Barriers to AI adoption include lack of vision, skills gap, culture for AI success, legal and ethical worries, compute power, access to data, privacy and security and ability to execute change. Most people will think they don't need AI and pay just a few pounds a month that can save hundreds of pounds per month. The hardest thing is the culture of AI success, will have to be happy to see their staff being less busy or needing to work less and look at their productivity not their presence. Consultancy and leadership can demonstrate the benefits and buying into the vison. Governance and Centre of Excellence is how you can make stuff happen and get access to the data, if operate a tool and make a decision that are responsible for that. Policy says you must do this or must do that, but governance is there are these tools but put guard rails to make sure you don't do something stupid and make sure people don't make mistakes. Cloud computing helps with the resources needed to make AI work and there are a lot of options out there but it is all about understanding productivity.

Azure AoT with DotnetNano - Peter Shaw

Peter Shaw has been a .NET developer for many years and part of LiDNUG. To get DotNetNano on an IoT Device (Stock ESP32) then connect this to Azure IoT Hub, you can take advantage of Application Insights etc there. What is Dotnet Nano? It is your favourite language of C# but for tiny things. Meadow IoT was the first attempt at running C# on an IoT device but had to use their boards with required amount of memory and processor but Dotnetnano is built from the open-source full-blown C# and built in such a way that it compiles for and runs on tiny IoT and embedded devices, although it won't run on everything out there, such as Arduino, but will run on 32bit ARM CPU with at least 64K of RAM and 64K or Flash, although anything from the past couple of years will run it just fine.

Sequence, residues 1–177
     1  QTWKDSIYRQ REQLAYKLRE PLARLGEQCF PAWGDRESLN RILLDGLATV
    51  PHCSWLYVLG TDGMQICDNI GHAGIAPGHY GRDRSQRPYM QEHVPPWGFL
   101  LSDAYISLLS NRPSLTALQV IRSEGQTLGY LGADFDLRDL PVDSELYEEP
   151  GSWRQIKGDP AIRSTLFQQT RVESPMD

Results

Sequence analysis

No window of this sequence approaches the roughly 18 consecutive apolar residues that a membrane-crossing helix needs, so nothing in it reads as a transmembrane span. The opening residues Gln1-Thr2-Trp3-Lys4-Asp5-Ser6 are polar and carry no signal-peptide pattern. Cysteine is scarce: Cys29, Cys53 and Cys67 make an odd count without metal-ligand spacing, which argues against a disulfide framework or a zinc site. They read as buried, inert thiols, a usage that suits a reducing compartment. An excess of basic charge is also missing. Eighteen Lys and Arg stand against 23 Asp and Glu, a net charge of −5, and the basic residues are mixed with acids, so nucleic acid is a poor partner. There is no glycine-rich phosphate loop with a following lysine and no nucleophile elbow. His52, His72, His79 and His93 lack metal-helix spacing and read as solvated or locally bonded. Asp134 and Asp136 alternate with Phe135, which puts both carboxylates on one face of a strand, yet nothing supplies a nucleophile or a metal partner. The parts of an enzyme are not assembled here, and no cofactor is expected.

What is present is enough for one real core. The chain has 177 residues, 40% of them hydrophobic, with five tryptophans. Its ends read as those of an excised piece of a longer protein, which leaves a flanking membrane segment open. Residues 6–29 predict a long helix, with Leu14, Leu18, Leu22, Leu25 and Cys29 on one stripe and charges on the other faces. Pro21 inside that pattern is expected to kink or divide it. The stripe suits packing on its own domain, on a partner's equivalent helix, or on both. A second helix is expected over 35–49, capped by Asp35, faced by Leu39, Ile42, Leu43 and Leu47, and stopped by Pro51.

To get DotNetNano it is enabled by adding the Dotnet Nano extension to you Visual Studio Setiup and use “nanoff” flashing tool to put the appropriate firmware on your device, pretty much all ESP32 devices are supported as are the vast majority of STM 32, although the blue-pill version doesn't have enough RAM as has only 20Kb of RAM. WiFi enabled devices are recommended and System.Net namespace is used with the NanoFramwork prefix for connectivity. In the case a board is not supported it is fairly easy to create a support package for an existing board and most if not all official STM Discovery boards are fully supported, and Raspberry Pi Pico support is currently in testing and will be released soon but you will be able tp programme in C# to provide output on a HDMI enabled TV.

One Tool to Rule them All - the flashing tool “nanoff” is a dotnet compatible tool and can be installed using the dotnet CLI and it can also be updated and has many options you can change if needed. In order to flash an ESP32 you can use nanoff --platform esp32 --serialport COMxx --update and this will get the latest platform firmware for the ESP32 on a device but if need any assistance then there is a Discord group or can go to github.com/nanoframework and the documentation is absolutely fantastic with articles that will answer your questions and there are sets of pages for different families of devices.

What is Azure IoT Hub? It is MQTT on Steroids which is pub/sub for small devices or could use it to transfer lightweight data and was designed to transfer command sets between devices. It uses a concept called Topics on the server you might create a topic and you can have these hold any data you want from simple values to JSON to Base64 encoded data, when a client connects to this and queries the topic it will get that data, you will have clients that will listen for a topic and a topic will be updated and each thing that is listening gets an event saying it is updated and there is a new value. Azure IoT Hub is basically an MQTT instance managed by Microsoft Azure, it is not “classic” MQTT, so you don't get to name the topics and values you subscribe to or push too and Azure uses their own authentication system for the device to community to the IoT Hub with an SAS Key.